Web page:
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 Chuck SchaefferA Better Way to Forecast IT Projects

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Too many IT projects begin without a solid business case or clear return on investment (ROI). A business case is needed to demonstrate alignment with the company’s top priorities, forecast accurate payback and prioritize the project among competing alternatives.

Without alignment to the company’s priorities, the IT project is at risk of being viewed as a departmental or siloed effort. Such a project may have value, but will fail to deliver a material impact to the business, and is thereby at risk of early cancellation when budgets get squeezed, competing interests emerge, or there is a change in company priorities.

Without a calculated payback, an IT project is little more than wishful thinking, has little basis to survive scrutiny and even when completed, is at much higher risk of failed user adoption because the perceived business disruption is greater than the uncertain benefit. Further, without a forecasted payback, it’s impossible to calculate an ROI and justify the investment relative to alternatives.

There are two common methods to demonstrate the value of IT projects.

A business case generally includes a project charter, business purpose, project objectives, the business problem to be solved, a broad approach, a high-level scope, stakeholders, assumptions, dependencies and risks. The business case method highlights some helpful information, but by itself doesn't offer predictable payback.

A Business Value Assessment (BVA) takes a different track. It still includes much of the business case content, but that's largely just background and positioning information. What makes the BVA different is its objective and measurable financial impact derived from specific performance improvements.

A Better Way – Business Value Assessment

The BVA takes a more measured approach, by comparing your company's business performance metrics to your industry peers, identifying areas ripe for improvement, and demonstrating how improving performance measures to median or best-in-class levels will impact revenues and profits.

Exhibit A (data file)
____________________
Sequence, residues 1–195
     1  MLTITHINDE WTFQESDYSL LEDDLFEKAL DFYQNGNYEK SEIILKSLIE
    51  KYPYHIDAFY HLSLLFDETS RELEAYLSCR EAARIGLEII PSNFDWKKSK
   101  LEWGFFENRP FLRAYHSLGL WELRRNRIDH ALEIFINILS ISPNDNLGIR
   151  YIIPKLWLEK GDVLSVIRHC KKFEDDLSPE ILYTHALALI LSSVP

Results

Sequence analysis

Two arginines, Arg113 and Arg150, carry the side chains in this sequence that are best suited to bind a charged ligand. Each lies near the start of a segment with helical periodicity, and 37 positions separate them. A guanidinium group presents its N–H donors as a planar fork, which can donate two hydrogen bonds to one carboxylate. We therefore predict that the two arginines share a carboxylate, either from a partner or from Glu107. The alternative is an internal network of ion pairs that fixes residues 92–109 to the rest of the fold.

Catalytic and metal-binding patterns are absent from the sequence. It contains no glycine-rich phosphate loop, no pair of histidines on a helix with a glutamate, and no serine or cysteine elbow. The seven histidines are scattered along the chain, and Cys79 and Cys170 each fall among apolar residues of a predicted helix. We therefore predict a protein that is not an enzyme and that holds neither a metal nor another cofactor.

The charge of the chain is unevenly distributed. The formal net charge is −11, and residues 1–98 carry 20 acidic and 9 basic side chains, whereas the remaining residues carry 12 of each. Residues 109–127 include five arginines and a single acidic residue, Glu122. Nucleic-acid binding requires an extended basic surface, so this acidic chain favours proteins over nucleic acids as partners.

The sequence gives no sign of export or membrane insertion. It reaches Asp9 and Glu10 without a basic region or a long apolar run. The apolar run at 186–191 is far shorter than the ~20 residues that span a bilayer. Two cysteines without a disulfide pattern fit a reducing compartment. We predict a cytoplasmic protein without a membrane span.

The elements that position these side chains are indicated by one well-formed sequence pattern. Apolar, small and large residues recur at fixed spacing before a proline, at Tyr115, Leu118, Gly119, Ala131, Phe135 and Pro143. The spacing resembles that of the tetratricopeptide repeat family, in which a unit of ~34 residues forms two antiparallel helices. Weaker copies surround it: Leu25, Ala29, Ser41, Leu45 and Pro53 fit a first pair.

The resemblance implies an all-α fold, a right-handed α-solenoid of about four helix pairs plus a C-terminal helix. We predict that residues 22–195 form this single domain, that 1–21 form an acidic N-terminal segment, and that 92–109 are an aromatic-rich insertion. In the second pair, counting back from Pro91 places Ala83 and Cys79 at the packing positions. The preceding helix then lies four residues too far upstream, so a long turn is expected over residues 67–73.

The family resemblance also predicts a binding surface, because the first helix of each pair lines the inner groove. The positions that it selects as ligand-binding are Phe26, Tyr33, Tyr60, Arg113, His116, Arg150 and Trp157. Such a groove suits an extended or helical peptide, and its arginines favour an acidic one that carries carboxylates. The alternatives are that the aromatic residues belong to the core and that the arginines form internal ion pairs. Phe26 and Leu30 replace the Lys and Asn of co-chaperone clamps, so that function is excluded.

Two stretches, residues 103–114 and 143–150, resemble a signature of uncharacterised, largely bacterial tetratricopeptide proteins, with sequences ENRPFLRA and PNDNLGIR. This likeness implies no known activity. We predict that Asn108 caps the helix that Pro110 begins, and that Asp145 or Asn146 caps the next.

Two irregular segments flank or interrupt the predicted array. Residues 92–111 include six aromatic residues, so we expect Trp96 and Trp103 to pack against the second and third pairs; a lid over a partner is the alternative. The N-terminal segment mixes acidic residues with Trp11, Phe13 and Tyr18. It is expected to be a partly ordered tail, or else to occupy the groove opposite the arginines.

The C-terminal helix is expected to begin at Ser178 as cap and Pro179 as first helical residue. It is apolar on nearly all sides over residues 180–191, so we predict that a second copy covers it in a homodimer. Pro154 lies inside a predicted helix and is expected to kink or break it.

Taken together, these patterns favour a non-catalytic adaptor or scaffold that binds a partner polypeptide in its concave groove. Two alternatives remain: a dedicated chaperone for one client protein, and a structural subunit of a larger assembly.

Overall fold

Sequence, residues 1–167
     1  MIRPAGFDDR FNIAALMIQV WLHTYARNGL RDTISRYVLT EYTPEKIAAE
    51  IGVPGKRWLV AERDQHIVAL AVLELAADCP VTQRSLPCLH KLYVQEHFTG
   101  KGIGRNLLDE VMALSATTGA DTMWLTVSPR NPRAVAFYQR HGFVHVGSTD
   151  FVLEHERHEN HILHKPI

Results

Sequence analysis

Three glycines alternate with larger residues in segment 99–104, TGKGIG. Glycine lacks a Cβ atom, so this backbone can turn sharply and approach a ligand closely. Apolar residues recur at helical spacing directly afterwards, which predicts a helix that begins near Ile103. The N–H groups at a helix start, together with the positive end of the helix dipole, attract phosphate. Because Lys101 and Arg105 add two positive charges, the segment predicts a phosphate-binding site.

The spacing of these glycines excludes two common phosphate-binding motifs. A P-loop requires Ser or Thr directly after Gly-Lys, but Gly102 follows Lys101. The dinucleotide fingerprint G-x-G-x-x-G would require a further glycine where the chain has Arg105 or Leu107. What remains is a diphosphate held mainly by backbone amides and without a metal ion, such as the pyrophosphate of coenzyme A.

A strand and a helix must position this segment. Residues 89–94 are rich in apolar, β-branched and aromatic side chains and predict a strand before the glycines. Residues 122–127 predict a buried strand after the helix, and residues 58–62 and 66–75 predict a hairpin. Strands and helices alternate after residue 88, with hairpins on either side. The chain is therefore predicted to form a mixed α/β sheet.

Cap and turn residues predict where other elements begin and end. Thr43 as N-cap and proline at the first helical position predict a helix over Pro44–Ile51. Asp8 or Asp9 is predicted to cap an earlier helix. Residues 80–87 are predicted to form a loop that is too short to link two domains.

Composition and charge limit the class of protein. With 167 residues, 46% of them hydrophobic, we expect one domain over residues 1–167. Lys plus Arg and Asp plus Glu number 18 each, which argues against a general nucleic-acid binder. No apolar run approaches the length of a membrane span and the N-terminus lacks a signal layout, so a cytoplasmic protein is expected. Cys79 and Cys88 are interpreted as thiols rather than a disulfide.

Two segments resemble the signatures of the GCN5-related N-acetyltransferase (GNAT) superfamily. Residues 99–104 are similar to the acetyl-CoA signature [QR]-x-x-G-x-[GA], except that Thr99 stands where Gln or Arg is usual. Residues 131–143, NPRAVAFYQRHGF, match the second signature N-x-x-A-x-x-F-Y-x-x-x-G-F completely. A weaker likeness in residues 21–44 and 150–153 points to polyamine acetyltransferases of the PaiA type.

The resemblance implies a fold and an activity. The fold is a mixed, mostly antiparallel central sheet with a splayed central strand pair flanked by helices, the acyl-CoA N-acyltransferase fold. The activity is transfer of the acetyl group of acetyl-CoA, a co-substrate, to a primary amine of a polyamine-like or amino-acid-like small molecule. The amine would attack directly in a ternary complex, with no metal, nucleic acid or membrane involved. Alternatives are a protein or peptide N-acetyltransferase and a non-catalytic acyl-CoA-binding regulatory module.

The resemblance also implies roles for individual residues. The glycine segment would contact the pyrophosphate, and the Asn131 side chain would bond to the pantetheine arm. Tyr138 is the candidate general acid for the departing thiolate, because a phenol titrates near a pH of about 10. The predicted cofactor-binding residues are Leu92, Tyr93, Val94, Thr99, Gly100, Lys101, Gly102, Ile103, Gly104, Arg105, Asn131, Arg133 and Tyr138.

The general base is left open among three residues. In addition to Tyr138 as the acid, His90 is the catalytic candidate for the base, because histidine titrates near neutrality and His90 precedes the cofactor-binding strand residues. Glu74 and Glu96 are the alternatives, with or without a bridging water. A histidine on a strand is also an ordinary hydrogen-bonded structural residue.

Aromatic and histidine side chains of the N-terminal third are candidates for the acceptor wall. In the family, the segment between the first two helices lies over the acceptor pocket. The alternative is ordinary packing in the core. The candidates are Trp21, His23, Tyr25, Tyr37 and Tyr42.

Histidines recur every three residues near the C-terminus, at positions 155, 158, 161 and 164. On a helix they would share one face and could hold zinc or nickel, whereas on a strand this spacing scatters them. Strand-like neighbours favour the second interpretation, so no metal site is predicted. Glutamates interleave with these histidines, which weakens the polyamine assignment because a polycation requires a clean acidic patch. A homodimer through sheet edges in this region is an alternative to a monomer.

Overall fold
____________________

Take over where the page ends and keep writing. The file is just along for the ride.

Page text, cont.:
Benchmark

The Business Value Assessment methodology uses a 3-step process:

  1. First, compare your production, marketing, sales, service or any other business performance measures to your industry peers using a benchmark database. The database I normally use is the AQPC benchmark database, which adheres to the open standards Process Classification Framework (PCF) and sources benchmark data from thousands of companies;

  2. Second, use the metrics comparisons to identify low performing areas, and areas that offer the biggest upside gains to revenues, margins or profits;

  3. Third, forecast how improving weak performance or high impact measures to median (50% percentile) or Best-In-Class (top 20% quartile) levels will add to revenues and profits, or reduce cost of sales or SG&A.

With this data, and an objective pro forma business model that is based on the actual performance results of your industry peers, you can then propose the strategies, methods and technologies to achieve those revenue additions or cost take-outs and calculate the ROI.

I recently finished a project for a client, and with the BVA methodology, was able to show how using Adobe Marketing Cloud capabilities to increase lead to customer conversions, and use CRM software to increase customer retention, from below median levels to the median, or 50% level, would grow the client's top line revenue by just over $8M dollars annually. The client recognized their lead to customer conversions were not great, and their customer retention had some issues, but didn't have concrete visibility to see how a change would specifically impact company revenues. With the visibility, kicking off the project was a no-brainer, and the company is well on its way to not just achieving the median level, which was their goal, but advancing to a best-in-class benchmark.

Benchmarks

The Point is This

The BVA methodology demonstrates greater business credibility by showing how technology delivers business results, comparing the company's performance to industry benchmarks, and forecasting measurable revenue impact or cost take-out from specific process changes. It can also quantify the cost of delay, providing hard evidence to act rather than defer. End

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Without a calculated payback, an IT project is little more than wishful thinking, has little basis to survive scrutiny and even when completed, is at much higher risk of failed user adoption because the perceived business disruption is greater than the uncertain benefit.

 

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